The Writer's Closet

The Writer's Closet

Hello. My name is RJ and I’m in the closet. The writer’s closet. 

Disclaimer: This is my first official writing credit. Woohoo! For perhaps the first time, I found a way to make my insecurities work for me by turning them into a pitch. And wouldn’t it be amazing if they worked for someone else too? If this article helps even one person come out of the writer’s closet I will call it a win. 

Here was my initial pitch:

“I would like to write about what it’s like to be in the gray space between being a writer at heart and a published or recognized author. I recently finished my first manuscript and submitted it to the Scribbler contest. Writing the manuscript was challenging in its own right, BUT, my biggest hurdle was being able to recognize myself as a writer and to not so narrowly define what a writer is that I couldn’t make room for myself in my own definition. As alone as I have felt in the process, I can’t imagine that others haven’t quietly struggled in this same way.” 

So there you have it. That one little paragraph was the start of the next phase of my writing journey. I can’t say that I am paying my way by writing (or even buying a pack of gum) but I can say that I have published something — therefore coming out of the closet, or at least peeking my head out and breathing in a little writerly air. 

When we think of someone being “in the closet” we think of shame, fear of being found out, and hiding. The original phrase began as “a skeleton in the closet” and dates back to England in the 1800s — though its true origins are sketchy and debatable. 

Some attribute the phrase  to the practice of literally hiding illegally obtained cadavers in the closets of medical offices for unscrupulous scientific study, while others believe it to be strictly figurative in nature; simply referring to a scandalous secret and the burgeoning fear it could be found out as easily as one opens a closet. 

Interestingly, as the term “water closet” gained popularity in England the term for a dirty secret shifted to “skeleton in the cupboard.” Apparently, England didn’t believe it was plausible or practical to hide a body in the loo. 

It wasn’t until the 1960’s that the term was widely applied to sexual orientation or identity, and boy did it stick. Now it’s become most recognizable as a term that describes hiding one’s true nature. Regardless, it insinuates hiding something we don’t feel free to express.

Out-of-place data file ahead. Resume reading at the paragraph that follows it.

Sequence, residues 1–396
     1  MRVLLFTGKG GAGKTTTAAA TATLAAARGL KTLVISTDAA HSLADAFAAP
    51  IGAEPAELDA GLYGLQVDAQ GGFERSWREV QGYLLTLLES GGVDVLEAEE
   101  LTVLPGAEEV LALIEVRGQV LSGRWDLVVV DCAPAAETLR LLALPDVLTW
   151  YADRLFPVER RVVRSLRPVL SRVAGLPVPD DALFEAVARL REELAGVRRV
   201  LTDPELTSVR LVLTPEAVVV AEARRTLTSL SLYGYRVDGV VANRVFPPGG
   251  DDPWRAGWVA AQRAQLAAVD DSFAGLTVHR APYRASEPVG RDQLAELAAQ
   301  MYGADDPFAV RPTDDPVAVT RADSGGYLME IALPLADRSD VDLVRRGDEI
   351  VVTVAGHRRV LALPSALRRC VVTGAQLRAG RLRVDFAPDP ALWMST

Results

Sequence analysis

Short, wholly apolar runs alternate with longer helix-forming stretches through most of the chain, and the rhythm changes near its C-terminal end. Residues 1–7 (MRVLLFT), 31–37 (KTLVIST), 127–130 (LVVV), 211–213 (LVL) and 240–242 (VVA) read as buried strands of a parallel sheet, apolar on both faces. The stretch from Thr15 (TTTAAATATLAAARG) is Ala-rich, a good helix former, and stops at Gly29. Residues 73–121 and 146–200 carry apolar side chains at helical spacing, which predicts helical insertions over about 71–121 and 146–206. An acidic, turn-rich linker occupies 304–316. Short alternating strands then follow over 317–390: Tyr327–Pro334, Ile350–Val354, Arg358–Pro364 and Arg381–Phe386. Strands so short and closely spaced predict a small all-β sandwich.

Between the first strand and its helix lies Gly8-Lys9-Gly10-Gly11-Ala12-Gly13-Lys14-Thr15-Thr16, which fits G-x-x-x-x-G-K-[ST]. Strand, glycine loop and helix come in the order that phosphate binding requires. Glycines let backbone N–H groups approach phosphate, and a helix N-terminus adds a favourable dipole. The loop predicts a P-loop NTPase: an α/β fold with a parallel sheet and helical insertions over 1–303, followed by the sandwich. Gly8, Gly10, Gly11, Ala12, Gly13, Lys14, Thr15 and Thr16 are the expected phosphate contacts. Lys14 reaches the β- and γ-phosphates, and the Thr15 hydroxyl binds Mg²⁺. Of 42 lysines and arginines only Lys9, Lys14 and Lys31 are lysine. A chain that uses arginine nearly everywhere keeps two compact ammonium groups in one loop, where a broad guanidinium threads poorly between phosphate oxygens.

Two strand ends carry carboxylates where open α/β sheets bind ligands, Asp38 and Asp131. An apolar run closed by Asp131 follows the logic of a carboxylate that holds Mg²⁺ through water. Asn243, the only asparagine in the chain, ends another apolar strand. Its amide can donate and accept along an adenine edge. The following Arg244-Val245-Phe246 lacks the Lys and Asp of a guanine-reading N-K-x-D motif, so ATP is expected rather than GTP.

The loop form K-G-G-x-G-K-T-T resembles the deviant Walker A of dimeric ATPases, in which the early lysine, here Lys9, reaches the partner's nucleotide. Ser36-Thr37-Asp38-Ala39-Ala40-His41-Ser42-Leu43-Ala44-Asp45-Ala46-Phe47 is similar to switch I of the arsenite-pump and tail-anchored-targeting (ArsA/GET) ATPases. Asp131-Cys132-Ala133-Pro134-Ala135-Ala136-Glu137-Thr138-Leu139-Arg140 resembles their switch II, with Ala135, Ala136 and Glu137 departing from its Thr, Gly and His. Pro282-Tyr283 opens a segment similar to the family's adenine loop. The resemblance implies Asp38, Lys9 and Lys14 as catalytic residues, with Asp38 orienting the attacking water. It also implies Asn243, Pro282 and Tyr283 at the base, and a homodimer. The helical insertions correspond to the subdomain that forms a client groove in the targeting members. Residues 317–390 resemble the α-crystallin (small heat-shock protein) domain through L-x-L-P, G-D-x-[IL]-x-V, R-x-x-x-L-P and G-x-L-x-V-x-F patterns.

Now for my creative appropriation. What is the writer’s closet? Well, it’s a fictional and mostly self-imposed state of identity purgatory. It’s where those who write but do not yet have the confidence or professional validation to proudly say “I am a writer” lurk.  We want to be in the writer’s room but we are still hiding in the closet, eavesdropping, and longing to be a part of the conversation; to be recognized as a peer. “I am a writer” is one of the most difficult phrases I have ever had to utter out loud. 

I dread the declaration because it is almost always followed with the question or assumption that in order to be a real writer you must be paid to do it. To my own shame, I have asked this same demoralizing question to other writers. Is it safer to say aspiring writer? You can technically be an aspiring anything. Maybe it is safer and easier, but why do we have to have some kind of disqualifier attached? 

What does it even mean to be a writer? Not “what does it take;” it takes time, effort, imagination, gut wrenching self evaluation, vulnerability and thick skin , and work that often looks like you aren’t doing real work at all. Much time is spent staring at a screen or a page and praying that the thoughts whirling in your head will flow from your fingers and onto the page in a way that will make sense to another literate human. Most of us have a way of deciphering our own gibberish — and even if we can’t get our thoughts out in a logical way, we know what we want  to say. It’s the million words that exist between each line we write that we can’t quite capture or summarize that tell the whole of the story. 

So, I guess the difference lies in the page. To me, you are a writer if you manage to get the words to the page. How widely your words are circulated or how much you are paid for them isn’t what makes you a writer; what makes you a writer is the incredible ability to extract the thoughts from your mind and capture them in print. If all you do is think of incredible stories or ideas that you think are worth writing, I am sorry, but you are not a writer…yet. Maybe that’s what it is to be an aspiring writer. Whichever you are, I hope you embrace your potential, lean into your insecurities and just go for it. 

Thanks for reading. My name is RJ Hayes and I am a writer.   

Written by RJ Hayes

RJ Hayes is an aspiring novelist and essayist. When not writing they enjoy spending time with family and friends sampling local microbrews and listening to live music being in a codependent relationship with a cat and dreaming of publishing that first book.

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